Top 3 Tips on Pull Slice
Top 3 Tips on Pull Slice


There are many things that can cause you to hit the dreaded pull- slice, and during this section we will cover the causes… and what you can do to correct them as well. I know this can be a frustrating thing to try and correct, but rest assured, with the proper tweaks you will see success here.

I realize there are dozens of articles that claim to have the cure all, but I will provide you with what I have been able to apply to my own game throughout my years.

The first thing I want to do is actually describe what causes a pull slice, before we dive in to correcting this. The most common cause of the slice is when the clubface is open at address. This is usually caused when you have a strong out-to-in downswing, and an open clubface at impact.

If you have read my previous articles on correcting the pull, then you will remember how vital it is to keep the club on plane throughout, and moving the club from the outside-in. When you do this, your arms move out and away from the body at the start of your downswing, which causes the out-to-in path of the club and sends the ball into flight with a side-spin motion… aka… the push. Now, when you are getting the hands behind the club, it will result in the slice. Add the two together, and you have the good old fashioned pull-slice. With that said, you can survive with the pull slice. Most tour golfers play a power fade, which is essentially a pull-slice dialed down.

So now that we know what causes the dreaded shot, what do you need to do to correct this motion? The most common cause of the pull slice is somewhat in the name, you are pulling the ball and your upper body is getting out in front of your lower body. This is a very common issue, but it is actually fairly simple to correct. Whenever I start to hit the pull-slice, I first pay attention to my upper body to ensure I am not moving too quickly and getting out in front of the ball.

This sort of swaying motion is the main cause of a pull, and even a slice if you are getting too far out in front. The easiest way to correct this motion, is to focus on your lower body during the swing. I am not saying to slow it down too much, because that will over correct you and cause a big hook.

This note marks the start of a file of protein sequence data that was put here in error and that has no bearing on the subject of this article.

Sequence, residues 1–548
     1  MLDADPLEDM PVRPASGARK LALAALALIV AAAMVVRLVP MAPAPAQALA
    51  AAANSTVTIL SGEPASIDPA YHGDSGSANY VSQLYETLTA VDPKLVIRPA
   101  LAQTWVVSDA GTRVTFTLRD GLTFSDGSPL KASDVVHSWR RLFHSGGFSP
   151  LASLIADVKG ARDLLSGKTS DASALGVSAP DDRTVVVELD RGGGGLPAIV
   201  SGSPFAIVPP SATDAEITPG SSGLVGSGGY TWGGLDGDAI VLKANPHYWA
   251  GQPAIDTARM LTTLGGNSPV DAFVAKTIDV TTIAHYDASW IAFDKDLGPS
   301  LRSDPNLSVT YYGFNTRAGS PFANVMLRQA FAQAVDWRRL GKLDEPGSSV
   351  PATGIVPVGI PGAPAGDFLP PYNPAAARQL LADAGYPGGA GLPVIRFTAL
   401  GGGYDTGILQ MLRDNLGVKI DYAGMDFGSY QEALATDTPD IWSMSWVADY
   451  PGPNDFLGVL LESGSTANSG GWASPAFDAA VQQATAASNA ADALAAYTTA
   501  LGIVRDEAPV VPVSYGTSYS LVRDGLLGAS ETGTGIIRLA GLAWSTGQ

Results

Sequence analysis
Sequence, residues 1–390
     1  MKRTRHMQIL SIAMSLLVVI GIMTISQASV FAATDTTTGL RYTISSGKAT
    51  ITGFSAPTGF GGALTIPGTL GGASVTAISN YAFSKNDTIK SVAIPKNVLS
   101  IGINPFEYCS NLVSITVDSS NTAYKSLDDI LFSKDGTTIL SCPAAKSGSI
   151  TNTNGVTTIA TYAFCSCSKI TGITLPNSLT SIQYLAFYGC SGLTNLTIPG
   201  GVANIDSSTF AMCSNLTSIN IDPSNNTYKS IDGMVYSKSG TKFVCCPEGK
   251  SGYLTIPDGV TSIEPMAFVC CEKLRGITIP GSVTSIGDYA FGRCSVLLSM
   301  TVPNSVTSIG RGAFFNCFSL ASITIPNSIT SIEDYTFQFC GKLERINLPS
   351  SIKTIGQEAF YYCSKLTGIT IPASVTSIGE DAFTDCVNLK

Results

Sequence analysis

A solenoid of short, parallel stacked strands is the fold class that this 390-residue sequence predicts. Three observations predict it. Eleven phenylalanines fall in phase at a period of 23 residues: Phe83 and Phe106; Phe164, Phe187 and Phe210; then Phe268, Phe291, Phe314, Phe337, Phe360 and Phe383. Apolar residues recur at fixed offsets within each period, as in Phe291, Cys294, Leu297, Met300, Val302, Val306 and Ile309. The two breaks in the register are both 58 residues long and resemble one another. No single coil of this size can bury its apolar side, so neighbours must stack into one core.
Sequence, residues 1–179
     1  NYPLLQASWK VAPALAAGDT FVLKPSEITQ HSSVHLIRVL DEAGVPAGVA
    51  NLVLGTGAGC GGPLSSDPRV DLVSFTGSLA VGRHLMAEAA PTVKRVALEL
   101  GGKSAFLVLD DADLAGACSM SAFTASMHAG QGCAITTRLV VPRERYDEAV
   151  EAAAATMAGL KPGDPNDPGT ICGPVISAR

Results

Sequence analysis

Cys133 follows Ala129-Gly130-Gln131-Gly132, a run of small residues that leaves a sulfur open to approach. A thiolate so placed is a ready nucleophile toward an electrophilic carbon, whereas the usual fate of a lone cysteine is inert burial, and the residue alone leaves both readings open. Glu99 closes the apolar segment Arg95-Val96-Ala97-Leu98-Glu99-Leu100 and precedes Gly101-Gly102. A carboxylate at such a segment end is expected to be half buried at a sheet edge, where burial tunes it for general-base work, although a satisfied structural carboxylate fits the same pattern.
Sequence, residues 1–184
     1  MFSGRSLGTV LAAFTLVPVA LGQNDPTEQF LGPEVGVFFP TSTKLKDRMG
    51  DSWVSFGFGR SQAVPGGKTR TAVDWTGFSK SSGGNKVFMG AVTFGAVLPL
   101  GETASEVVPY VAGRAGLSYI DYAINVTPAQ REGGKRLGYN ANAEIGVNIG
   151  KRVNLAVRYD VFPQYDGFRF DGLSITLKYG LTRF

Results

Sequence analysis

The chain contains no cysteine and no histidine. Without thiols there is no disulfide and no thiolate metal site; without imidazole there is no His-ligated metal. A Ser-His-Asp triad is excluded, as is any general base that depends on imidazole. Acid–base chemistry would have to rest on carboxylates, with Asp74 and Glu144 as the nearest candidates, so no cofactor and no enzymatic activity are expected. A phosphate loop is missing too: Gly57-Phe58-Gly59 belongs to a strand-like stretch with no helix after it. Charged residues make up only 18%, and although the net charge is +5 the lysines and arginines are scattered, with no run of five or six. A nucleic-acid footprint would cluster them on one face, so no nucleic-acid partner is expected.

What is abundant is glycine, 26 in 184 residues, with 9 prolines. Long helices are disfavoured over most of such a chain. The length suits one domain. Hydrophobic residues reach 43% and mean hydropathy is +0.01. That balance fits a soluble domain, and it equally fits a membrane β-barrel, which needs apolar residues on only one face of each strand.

The intention here is to simply keep your upper and lower body moving at about the same speed, which will allow for the ball to start straight down the line of the target. While at the range, hit a bucket of balls, with the sole focus being on your tempo throughout the swing. Don’t focus on where the ball is going (for now), but focus on your lower body and ensuring that you are not getting out in front of your upper body.

Another common mistake causing the pull slice, is getting the hands too far inside and jamming yourself, causing you to move your hands inside and push the ball back out away from the body. The best practice for correcting this, is to put a towel under your back arm. If you are a lefty, then that means left arm… right means right arm.

During this motion, do not swing at 100%, but try and focus around the 80% range. The goal of this is to keep the armpit on the body as long as possible, which will ensure that you are not moving it off of your body too far, causing you to dip inside on the down-swing. Grab 10-15 balls for this drill, and as before, don’t focus on the result.

Keep your mind tuned towards the armpit, and keeping the towel in place. This tends to be a very frustrating drill if you focus on where the ball is going, so trust me, keep your focus on the towel and what your body is doing throughout the drill. You need to teach your body the muscle memory for when the towel is not there.

Don’t get me wrong, the pull slice is the most aggravating miss hit in the game. It goes short and it goes well off-line. I assure you, if you focus on these two methods, you will put yourself into a good position to start the ball down the line and keep it on the target. In all, I recommend making this the focus of your practice for at least one week.